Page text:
I need help on writing an opening sentence for my Essay:Question below :) This is what it says on the paper Opening Sentences: Provide background information on the topic use a comparison, ask a...
This is what it says on the paper
Opening Sentences: Provide background information on the topic use a comparison, ask a question that will be answered or discussed, define the concept of the essay, provide and attention grabbing scenario
Intro sentences explain your perspective on destiny
if i could get a couple examples that would be great
the two stories im doing is "the masque of red death" and "the 7 ages of man"
I need help on writing an opening sentence for my essay. See the information below.
First of all, never write an essay from start to finish (from introduction to conclusion) unless it is part of a timed test. If you have the time, brainstorm information for the body, organize this in an outline, and write ALL THE BODY PARAGRAPHS before anything else.
The first sentence of the intro is your "hook." I never advise writing the first sentence of an essay until the end of the process. Once you've written the essay, you own it (you practically birthed it). It will be yours. The first sentence (and the dreaded final sentence) will flow out of you naturally and avoid all the cliche sounding things you might have originally started with before you really got to know your essay.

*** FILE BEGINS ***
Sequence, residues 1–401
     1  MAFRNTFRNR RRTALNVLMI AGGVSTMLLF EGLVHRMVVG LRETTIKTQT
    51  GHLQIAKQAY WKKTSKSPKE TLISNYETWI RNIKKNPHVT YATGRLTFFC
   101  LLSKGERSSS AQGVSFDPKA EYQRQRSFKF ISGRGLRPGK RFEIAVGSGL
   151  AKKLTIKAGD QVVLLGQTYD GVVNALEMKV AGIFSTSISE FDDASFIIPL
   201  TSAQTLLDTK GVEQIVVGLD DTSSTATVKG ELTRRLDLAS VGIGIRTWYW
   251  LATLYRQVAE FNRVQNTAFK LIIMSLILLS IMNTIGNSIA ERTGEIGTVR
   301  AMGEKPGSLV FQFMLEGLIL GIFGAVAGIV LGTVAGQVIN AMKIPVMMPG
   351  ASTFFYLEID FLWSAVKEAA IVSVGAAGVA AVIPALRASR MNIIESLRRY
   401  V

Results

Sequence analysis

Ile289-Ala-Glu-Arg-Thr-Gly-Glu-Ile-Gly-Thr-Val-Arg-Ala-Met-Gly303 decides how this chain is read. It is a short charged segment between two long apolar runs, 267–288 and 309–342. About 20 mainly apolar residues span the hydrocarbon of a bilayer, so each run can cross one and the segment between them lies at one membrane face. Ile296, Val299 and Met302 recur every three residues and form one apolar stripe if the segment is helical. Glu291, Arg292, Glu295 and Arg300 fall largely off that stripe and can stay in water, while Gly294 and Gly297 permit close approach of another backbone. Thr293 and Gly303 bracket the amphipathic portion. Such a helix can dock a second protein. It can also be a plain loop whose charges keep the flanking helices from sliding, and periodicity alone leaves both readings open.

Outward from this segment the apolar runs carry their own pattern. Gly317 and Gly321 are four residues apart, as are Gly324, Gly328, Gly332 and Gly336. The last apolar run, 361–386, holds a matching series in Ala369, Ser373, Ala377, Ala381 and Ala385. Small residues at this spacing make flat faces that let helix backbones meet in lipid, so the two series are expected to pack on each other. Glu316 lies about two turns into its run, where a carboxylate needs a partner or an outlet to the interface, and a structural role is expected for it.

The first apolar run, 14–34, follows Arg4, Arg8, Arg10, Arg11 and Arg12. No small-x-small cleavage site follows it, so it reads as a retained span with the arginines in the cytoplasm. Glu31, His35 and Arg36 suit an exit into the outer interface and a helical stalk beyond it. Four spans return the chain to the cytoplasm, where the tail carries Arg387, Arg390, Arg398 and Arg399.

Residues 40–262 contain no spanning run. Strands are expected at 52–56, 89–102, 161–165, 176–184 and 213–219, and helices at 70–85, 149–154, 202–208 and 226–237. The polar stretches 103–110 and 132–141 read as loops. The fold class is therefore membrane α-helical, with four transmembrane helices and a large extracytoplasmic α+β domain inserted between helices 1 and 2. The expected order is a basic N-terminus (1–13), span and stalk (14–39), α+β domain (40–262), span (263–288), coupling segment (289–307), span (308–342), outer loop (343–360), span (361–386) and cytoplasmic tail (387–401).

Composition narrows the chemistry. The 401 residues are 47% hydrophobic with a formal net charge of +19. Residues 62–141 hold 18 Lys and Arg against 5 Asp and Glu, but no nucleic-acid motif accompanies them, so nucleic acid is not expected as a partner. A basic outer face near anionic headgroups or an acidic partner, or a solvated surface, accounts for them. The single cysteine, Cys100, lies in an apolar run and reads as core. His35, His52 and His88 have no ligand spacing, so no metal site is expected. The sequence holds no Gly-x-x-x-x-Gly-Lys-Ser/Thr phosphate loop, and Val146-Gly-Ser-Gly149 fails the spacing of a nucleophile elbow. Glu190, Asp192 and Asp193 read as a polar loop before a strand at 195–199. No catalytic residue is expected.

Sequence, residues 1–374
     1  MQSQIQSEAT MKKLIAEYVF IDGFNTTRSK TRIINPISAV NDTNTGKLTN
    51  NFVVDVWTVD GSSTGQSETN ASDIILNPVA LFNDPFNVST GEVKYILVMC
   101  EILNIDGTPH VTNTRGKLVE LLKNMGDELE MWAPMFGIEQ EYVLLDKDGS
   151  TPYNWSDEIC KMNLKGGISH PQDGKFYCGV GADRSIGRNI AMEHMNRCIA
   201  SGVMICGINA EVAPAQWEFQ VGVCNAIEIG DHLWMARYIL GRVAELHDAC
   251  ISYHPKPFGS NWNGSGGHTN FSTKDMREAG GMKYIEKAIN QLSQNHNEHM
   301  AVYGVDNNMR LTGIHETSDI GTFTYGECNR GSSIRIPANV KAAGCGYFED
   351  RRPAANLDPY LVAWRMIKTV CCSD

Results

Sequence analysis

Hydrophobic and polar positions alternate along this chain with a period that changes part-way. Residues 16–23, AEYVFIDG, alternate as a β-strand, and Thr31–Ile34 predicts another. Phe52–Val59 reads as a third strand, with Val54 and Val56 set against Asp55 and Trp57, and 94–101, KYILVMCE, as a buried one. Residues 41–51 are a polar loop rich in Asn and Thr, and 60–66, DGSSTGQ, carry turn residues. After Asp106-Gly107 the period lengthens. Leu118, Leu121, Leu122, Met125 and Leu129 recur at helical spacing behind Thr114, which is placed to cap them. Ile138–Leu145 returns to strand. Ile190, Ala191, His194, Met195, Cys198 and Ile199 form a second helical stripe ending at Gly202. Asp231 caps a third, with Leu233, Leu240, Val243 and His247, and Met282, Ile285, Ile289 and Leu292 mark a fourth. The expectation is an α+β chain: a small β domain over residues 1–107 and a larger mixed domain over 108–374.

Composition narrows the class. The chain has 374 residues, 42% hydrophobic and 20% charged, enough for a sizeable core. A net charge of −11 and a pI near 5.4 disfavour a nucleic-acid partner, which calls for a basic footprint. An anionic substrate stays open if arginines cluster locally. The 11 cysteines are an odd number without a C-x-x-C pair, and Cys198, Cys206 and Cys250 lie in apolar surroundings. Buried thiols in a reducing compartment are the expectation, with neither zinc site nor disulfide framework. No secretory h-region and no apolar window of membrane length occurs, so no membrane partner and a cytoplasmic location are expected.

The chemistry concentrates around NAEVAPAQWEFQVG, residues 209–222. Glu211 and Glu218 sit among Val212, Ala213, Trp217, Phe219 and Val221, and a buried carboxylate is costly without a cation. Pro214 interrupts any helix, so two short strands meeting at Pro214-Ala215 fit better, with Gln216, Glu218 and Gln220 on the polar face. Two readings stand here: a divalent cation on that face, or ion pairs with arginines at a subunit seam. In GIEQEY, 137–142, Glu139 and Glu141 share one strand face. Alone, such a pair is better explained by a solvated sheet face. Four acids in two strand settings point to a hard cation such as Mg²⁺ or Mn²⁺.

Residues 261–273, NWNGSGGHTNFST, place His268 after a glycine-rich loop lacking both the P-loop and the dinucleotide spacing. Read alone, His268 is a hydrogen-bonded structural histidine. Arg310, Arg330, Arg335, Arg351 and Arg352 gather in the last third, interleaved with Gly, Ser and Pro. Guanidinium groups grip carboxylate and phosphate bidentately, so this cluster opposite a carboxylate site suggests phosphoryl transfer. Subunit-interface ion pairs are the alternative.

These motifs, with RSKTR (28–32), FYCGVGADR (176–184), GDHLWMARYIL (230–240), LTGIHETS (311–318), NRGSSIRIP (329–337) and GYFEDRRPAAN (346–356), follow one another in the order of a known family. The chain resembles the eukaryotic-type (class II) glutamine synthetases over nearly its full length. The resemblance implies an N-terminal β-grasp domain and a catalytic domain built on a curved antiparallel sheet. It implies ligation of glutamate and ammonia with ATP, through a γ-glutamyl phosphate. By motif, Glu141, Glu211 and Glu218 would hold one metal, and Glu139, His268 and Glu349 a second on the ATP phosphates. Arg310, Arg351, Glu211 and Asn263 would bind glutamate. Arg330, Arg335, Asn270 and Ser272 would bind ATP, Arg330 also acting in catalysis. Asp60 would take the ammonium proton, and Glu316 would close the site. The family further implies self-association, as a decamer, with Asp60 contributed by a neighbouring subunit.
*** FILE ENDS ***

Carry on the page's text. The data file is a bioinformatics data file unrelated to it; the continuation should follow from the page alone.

If you personally cannot begin the process without a first sentence (you are not alone), write anything. It is a throw away sentence. When you complete the essay, go back, throw away your first sentence, and write something better. Trust me. Something better will be ready when you've written the bulk of the essay.
You will have to determine your own perspective on destiny to add to the information from the story. An attention-getting opening is always a must. "Imagine being invited to 'The party to end all parties'". And, I mean that literally, for there will be no more parties after this deadly one. Being wealthy and fleeing from the plague to an isolated location still can't keep out an unwanted guest.
In "The Seven Ages of Man", Shakespeare shows how people evolve from infancy only to return to it once more. Where would be the incentive for anyone to want to grow older? This last one includes a rhetorical question, which is also a good way to get the reader's attention.
I agree with the above poster. You should save your introduction for last. Write the main body. Find out what you have to say about the topic and where your writing takes you. Sometimes what we intend is far different than the direction we end of taking. Only after you know what you've had to say should you craft your introduction. This allows you to actually write an introduction that truly introduces your paper.
I agree. Waiting until you're finished may seem like it's just an afterthought, something relatively unimportant to the finished product. Nothing could be further from the truth, though. Because it IS so important, it's essential to know what you've said so you can prepare your audience properly. For these two works you may want to explore the idea of the inevitability of death, among other things.